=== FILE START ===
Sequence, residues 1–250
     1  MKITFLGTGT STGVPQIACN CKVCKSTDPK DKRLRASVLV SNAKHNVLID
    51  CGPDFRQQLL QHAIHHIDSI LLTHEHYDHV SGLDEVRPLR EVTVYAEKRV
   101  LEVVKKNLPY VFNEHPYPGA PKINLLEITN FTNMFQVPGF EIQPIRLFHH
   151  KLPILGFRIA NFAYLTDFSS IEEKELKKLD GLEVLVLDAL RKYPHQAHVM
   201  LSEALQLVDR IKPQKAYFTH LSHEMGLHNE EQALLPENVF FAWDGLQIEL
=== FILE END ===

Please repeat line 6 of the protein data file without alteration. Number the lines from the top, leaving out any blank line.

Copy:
   201  LSEALQLVDR IKPQKAYFTH LSHEMGLHNE EQALLPENVF FAWDGLQIEL